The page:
It is great progress that a quarter of people on FTSE 100 boards are women, and that’s without legislation or quotas. I hope that many other talented women will follow in their footsteps.
Steve Varley, Ernst & Young LLP UK Chairman and Managing Partner for UK and Ireland said:
We are delighted to see the government’s continued focus on gender pay parity and we continue to believe it is vital to the UK’s competitive advantage.
Without strong intervention, as highlighted by a recent World Economic Forum study, it would take 80 years to achieve global gender pay parity and I think all of us in business find this an unacceptable amount of time to wait.
Now is the time to fast forward the pace of change and we all have our part to play. In 2012 at EY we published our internal diversity goals and they continue to be a driving force for change in our business. This year, we were pleased to announce that 30% of our new partners were women. Clearly there is more that can and should be done but today marks an important moment in time and we look forward to helping accelerate progress.
Baroness Karren Brady CBE said:
I’ve dedicated a lot of time and energy to making sure that women get the same opportunities as men in businesses across the country. For me, the news that larger companies will be obliged to make their gender pay gaps public couldn’t come soon enough. This is a ground-breaking move and will go some way to eradicating gender inequality in the workplace.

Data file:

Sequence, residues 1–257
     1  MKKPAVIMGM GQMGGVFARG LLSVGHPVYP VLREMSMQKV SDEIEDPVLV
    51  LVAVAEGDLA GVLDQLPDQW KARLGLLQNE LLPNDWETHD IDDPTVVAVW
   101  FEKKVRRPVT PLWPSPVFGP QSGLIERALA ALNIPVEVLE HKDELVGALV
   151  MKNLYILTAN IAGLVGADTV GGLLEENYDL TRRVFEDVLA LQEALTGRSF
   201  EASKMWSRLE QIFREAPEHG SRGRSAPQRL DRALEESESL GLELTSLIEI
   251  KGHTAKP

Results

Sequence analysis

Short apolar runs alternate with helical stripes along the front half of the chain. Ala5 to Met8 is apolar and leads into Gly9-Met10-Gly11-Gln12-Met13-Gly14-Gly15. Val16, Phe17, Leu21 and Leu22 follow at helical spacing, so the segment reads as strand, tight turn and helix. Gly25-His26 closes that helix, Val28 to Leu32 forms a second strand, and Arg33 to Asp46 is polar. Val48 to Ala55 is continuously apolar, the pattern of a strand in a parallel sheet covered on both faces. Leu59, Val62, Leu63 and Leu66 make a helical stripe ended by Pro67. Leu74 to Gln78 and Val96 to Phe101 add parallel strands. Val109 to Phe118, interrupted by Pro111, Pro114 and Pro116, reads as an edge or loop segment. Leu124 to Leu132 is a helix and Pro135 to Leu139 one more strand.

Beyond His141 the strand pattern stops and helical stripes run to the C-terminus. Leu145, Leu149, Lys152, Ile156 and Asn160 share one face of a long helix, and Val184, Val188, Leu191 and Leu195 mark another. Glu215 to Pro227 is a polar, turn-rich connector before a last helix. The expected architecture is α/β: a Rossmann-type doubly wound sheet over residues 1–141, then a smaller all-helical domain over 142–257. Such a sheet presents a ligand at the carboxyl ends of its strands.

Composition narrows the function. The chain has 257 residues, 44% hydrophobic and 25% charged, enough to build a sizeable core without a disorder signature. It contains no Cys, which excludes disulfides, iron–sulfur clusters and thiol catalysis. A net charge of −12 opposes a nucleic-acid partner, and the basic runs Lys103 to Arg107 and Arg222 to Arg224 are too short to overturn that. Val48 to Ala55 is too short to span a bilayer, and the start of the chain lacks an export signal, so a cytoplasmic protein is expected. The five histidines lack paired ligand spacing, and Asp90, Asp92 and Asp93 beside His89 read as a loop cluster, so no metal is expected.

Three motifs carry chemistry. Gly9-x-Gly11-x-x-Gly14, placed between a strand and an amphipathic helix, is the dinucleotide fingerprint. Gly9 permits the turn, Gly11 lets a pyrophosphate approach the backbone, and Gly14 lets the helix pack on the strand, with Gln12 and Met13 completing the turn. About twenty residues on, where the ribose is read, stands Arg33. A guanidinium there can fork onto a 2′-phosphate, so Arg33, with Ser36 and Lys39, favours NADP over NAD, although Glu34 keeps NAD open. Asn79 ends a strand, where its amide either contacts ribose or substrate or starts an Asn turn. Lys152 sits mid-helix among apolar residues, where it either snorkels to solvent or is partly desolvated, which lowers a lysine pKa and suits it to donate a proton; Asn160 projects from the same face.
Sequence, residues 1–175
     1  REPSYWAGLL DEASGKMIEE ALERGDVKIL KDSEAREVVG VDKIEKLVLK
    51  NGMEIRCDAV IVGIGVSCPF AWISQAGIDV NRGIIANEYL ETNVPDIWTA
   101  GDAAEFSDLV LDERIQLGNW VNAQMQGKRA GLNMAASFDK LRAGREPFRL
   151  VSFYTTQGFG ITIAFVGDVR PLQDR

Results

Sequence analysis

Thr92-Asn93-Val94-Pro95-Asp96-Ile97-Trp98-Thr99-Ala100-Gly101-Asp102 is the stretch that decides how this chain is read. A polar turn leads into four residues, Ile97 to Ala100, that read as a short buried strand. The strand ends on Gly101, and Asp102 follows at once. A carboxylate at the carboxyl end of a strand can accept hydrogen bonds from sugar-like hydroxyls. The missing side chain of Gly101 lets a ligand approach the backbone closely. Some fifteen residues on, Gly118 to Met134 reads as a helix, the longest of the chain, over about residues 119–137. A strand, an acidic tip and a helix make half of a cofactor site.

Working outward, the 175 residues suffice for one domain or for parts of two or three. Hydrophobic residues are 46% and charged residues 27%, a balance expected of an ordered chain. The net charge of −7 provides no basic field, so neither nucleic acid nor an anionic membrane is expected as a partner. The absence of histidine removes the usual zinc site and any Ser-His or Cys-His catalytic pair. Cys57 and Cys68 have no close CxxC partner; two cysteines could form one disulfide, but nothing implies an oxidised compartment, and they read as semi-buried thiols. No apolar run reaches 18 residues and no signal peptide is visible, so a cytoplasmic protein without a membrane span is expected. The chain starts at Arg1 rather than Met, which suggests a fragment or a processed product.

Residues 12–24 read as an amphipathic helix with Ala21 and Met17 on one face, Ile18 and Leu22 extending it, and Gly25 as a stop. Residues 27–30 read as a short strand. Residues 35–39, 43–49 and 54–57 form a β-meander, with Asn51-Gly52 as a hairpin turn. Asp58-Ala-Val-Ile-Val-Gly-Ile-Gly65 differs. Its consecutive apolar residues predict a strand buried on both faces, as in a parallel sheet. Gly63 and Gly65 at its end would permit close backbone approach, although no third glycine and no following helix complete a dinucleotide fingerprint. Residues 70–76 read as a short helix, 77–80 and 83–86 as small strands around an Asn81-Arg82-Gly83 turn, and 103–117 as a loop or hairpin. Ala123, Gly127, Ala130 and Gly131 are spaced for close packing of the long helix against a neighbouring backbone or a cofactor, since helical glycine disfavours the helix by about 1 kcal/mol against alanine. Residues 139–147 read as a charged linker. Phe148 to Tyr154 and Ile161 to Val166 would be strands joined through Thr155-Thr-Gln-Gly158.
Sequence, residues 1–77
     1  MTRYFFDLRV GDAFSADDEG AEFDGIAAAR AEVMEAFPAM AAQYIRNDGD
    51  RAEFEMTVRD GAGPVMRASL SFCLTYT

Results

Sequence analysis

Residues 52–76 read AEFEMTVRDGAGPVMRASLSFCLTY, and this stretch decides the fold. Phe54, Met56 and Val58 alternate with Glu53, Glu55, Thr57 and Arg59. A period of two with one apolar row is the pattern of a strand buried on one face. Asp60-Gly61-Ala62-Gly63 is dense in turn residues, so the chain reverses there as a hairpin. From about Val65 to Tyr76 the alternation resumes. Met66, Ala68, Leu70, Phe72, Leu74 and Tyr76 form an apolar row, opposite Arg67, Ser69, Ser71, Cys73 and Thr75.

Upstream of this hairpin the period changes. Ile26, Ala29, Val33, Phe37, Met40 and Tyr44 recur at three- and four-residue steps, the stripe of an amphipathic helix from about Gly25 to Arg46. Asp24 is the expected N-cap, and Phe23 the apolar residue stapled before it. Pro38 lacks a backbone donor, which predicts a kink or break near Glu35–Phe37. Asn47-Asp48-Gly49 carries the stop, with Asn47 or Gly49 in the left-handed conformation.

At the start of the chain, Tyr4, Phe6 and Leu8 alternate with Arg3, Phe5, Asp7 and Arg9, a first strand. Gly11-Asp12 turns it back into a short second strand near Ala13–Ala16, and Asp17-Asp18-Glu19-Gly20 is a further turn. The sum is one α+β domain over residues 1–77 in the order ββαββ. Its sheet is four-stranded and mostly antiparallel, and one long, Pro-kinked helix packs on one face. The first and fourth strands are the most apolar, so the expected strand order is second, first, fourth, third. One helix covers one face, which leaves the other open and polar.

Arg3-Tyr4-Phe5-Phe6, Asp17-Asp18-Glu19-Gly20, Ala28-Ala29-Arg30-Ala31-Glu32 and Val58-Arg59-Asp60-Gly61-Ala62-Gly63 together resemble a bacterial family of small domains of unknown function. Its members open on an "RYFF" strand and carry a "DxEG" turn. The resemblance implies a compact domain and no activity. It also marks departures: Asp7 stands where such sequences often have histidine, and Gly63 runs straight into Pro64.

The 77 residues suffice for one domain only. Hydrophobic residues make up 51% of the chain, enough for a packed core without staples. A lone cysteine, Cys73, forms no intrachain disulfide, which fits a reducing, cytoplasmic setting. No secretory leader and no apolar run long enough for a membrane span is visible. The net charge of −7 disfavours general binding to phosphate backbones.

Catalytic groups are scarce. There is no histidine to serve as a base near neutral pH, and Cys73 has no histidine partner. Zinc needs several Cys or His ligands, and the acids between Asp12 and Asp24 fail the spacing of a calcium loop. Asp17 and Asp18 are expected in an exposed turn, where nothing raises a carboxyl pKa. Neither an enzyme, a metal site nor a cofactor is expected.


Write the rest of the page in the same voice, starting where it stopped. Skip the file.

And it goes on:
Gender shouldn’t be a factor that’s taken into account when determining the potential of employees. The most successful companies in this country have women on the board – those companies are better to work for and are doing far better.
Notes to editors
A Treasury analysis of the impact of the government’s new national living wage announcement in last week’s Budget shows 65% of winners are expected to be women.
The overall gender pay gap for all employees (19.1%) is the lowest since records began. It shows that a woman, on average, earns around 80p for every £1 earned by a man.
The proposed regulations will implement Section 78 of the Equality Act 2010 – this requires employers in Great Britain with at least 250 employees to publish information about the pay of their male and female employees. We plan to introduce this in the first half of 2016 and the consultation will explore how quickly it can be enforced.
In 2011, Lord Davies of Abersoch set the target for 25% women on boards after being asked by government to look at how to address the lack of women on FTSE boards. There are now no all-male boards left compared to in 2011.
Lord Davies will now work with industry experts to learn from the experiences of the past four years and make a series of recommendations on how businesses can continue to improve gender diversity.
The successful local broadband projects, as part of the Women and Broadband Challenge Fund, are: Cambridgeshire, Central Bedfordshire and Milton Keynes, Devon and Somerset, Dorset, Durham, East Sussex, Herefordshire and Gloucestershire, Greater Manchester and Cheshire, Kent, Leicestershire, Northumberland, Oxfordshire, Shropshire, Staffordshire, Telford, South Yorkshire, West Yorkshire and Worcestershire.
View an interactive map showing the areas that are being awarded Broadband Challenge funding.